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Tucked into the northeast corner of the United States, New England is a region of tall mountains, rich farmland, salty seacoasts, and everything in between. Steeped in history and full of spirit, New England is home to some of the nation’s most popular cultural attractions, parks, universities, and sports teams. Four distinct seasons and the perfect assortment of big cities and small towns make New England a favorite travel destination.
New England is made up of six beautiful and diverse states. In the northeast corner is Maine. Next to Maine, on its western border, is New Hampshire. On the other side of New Hampshire is Vermont. Beneath New Hampshire and Vermont is Massachusetts, and beneath Massachusetts are little Rhode Island to the southeast and Connecticut to the south.
Connecticut. Connecticut is the southernmost of the New England states, making it the closest to New York City. Nicknamed “the Nutmeg State,” it’s known for its old money, red chowder, the insurance capital of Hartford, superior thin-crust New Haven pizza, and the fictional Gilmore Girls town of Stars Hollow.
Maine. The largest of the New England states, Maine is also one of the most popular among tourists. Nicknamed “the Pine Tree State” and “Vacationland,” it’s known for its thick forests, rocky coastline, wild blueberries, scenic lighthouses, lobster boats, and mega-author Stephen King.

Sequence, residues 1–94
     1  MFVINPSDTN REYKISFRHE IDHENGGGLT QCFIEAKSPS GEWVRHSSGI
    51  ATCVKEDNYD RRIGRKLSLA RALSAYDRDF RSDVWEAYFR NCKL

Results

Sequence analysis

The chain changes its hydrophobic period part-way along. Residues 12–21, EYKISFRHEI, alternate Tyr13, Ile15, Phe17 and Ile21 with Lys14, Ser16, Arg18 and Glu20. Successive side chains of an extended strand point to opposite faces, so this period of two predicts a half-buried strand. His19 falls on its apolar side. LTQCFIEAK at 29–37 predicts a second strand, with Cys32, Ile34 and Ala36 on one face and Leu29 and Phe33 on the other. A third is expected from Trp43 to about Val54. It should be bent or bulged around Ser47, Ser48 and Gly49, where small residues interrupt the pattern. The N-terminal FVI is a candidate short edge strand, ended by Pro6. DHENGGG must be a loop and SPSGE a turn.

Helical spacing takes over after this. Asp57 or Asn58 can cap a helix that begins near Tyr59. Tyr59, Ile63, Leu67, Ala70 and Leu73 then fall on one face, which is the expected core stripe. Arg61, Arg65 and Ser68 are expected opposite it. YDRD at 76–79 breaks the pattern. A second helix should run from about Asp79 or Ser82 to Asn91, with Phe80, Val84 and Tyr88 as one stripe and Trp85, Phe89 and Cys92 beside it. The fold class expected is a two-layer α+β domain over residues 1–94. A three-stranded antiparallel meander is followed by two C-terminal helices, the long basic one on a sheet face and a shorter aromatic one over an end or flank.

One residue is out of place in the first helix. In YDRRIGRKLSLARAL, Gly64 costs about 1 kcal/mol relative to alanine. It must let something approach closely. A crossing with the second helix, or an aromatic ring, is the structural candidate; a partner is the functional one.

Massachusetts. Thanks to the bustling hub of Boston and a rich colonial history, Massachusetts is the most frequently visited of the New England states. Nicknamed “the Bay State,” it’s known for its top-notch universities, baked beans, clam chowder, Cape Cod’s summer paradise, Plymouth Rock, and the Kennedys.
New Hampshire. Bearing a kick-butt state motto (“Live Free or Die”), New Hampshire is the rebel of the New England states. Nicknamed “the Granite State,” it’s known for its primary-season political clout, White Mountains (including Mount Washington, the highest peak in the Northeast), Adam Sandler, and Lake Winnipesaukee.
Rhode Island. This isn’t just the smallest of the New England states — it’s the smallest state in America. Nicknamed “the Ocean State,” Rhode Island is known for its 400 miles of coastline, Newport mansions, johnnycakes, and Brown University.
Vermont. Vermont is famous for its progressive, environmental vibe. Nicknamed “the Green Mountain State,” it’s also known for its ski mountains, craft beer, dairy farms, Ben and Jerry’s ice cream, and Champy, the mythical Lake Champlain water monster.